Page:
|Maine House||District 117|
|Maine Senate||District 17|
|Area sq. mi.||(total) 40.4|
|Area sq. mi.||(land) 39.0|
Total=land+water; Land=land only
In 1870 there were 159 people in the Plantation’s 23,040 acres; only 172 in 1900. Although the abundant timberlands represented a valuable resource, the difficulty of removing it to market was a barrier that was not overcome until the early 20th century.
Limited agriculture and sheep raising existed but apparently not on any commercial scale. The low income of the residents is indicated by valuation statistics that show the total value of real and personal property was $11,148 in 1866 and $33,981 in 1899.
Adjacent to Rangeley, and near the Rangeley Lakes and the Saddleback ski area, Dallas is now a small but growing community, having nearly tripled its population in the 1970-2010 period. Most of its population forms part of the extended village of Rangeley.
Rangeley Lakes Trail Center, billing itself as a “four-season trail system,” with trails for cross-country skiing, hiking and mountain biking, is located in Dallas. The plantation is home to two public lots within the Mahoosuc/Rangeley Region. The region is managed primarily for forest products and dispersed recreation, such as hunting and fishing.
The 380-acre Dallas Plantation North Lot has been managed for forest products for many years. It is characterized by gentle slopes and mid-aged northern hardwood and mixed forests, with softwoods along a central meandering stream that drains from the Greeley Ponds to Loon Lake. Three small beaver meadows lie along the stream.
A large area of inland waterfowl and wading bird habitat lies around the Greeley Ponds. Approximately 110 acres have been mapped as a deer wintering area.
The 66-acre Dallas Plantation South Lot lies on lowland forest just a few miles outside of Rangeley. The lot is forested with mid-aged mixed wood stands and includes a small stream that drains into Bull Pond.
Saddleback Lake is located northwest of Sandy River Plantation’s Saddleback Mountain and ski area.. A number of small inlets enter the pond from the south. The lake’s shoreline is lightly developed. Water quality is marginal for cold water game fish. Despite critically high summer water temperatures, a wild population of brook trout survives and provides a fishery. The Lake is accessible by foot off a gravel road near the west end of the pond. It is open to fishing with artificial lures only in the summer and is closed to ice fishing. Motorboats are prohibited.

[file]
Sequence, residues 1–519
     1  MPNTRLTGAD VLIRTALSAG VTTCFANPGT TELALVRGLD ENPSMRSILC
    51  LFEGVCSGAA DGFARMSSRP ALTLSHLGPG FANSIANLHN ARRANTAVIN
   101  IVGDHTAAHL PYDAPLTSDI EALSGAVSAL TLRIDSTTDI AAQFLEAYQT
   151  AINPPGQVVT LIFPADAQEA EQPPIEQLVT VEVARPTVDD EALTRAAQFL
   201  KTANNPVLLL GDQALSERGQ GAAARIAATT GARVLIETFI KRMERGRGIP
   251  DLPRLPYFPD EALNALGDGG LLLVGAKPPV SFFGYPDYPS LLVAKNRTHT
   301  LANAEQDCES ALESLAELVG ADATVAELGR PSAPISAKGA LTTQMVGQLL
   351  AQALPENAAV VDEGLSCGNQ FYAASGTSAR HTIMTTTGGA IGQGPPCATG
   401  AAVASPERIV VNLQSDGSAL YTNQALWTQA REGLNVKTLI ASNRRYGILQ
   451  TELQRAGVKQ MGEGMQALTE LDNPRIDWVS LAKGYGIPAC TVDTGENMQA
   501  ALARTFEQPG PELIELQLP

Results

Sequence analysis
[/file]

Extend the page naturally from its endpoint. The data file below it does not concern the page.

Saddleback Lake in Rangeley is the source of the South Branch of the Dead River, which flows north through Dallas and then Lang Township, ultimately emptying into the Dead River and Flagstaff Lake near Stratton.
Even in March with snow on the shore, the Dead River’s South Branch offers scenic rewards for the enterprising canoeists.
Form of Government: Assessors-Annual Meeting.
Historical Records Survey (Maine). Inventory of the Town and City Archives of Maine: No. 4 Franklin County, vols. V & VI Coplin and Dallas. Portland, Me. The Historical Records Survey. 1939.
Maine. Department of Agriculture, Conservation and Forestry. “Natural Resource Inventory of the Mahoosuc and Rangeley Region: Small Units.” “Dallas Plantation Lots – North and South.” http://www.maine.gov/dacf/parks/get_involved/planning_and_acquisition/management_plans/docs/5SmallUnits.pdf (accessed March 6, 2914)
Maine. Department of Inland Fisheries and Wildlife. “Saddleback Lake.” https://www1.maine.gov/ifw/fishing/lakesurvey_maps/franklin/saddleback_lake.pdf (accessed May 25, 2017)
*Maine. Historic Preservation Commission. Augusta, Me. Text condensed and edited and photos from National Register of Historic Places: http://pdfhost.focus.nps.gov/docs/nrhp/text/89002345.PDF and http://pdfhost.focus.nps.gov/docs/nrhp/photos/89002345.PDF
National Register of Historic Places – Listings
Upper Dallas School
[436 Dallas Hill Road] Probably built in the fourth quarter of the 19th century, the Upper Dallas School is well preserved. It has served as the town hall for many years and is one of the Plantation’s most significant architectural landmarks.
In 1861 a district schoolhouse was apparently built on or near the site of the existing building. It seems likely, based on its architectural features, that the present school is a later replacement, probably built after 1888 when a deed was made for a lot on the northeast side of the County Road. The map of Dallas in the 1894-1895 State Atlas of Maine indicates that the location in the deed matches the present one. The original school was known as the Perry School. A second schoolhouse was built in Dallas in 1895. Known as the Lower Dallas School. it has been converted into a residence.
How long the Upper Dallas School was used for educational purposes is not certain. Its use as a town hall, however, continued from the date of construction until at least 1929. Local tradition holds that it has always been the space used for town meetings. In any event, the school building has served for much of its history as the center of plantation government.
Given the sparse settlement and economic condition of Dallas Plantation in the 19th and early 20th centuries, it is not surprising that this modest but little altered building is one of the community’s most significant architectural resources.* It was still the Town Office in 2011.
[Kirk Mohney black & white photos]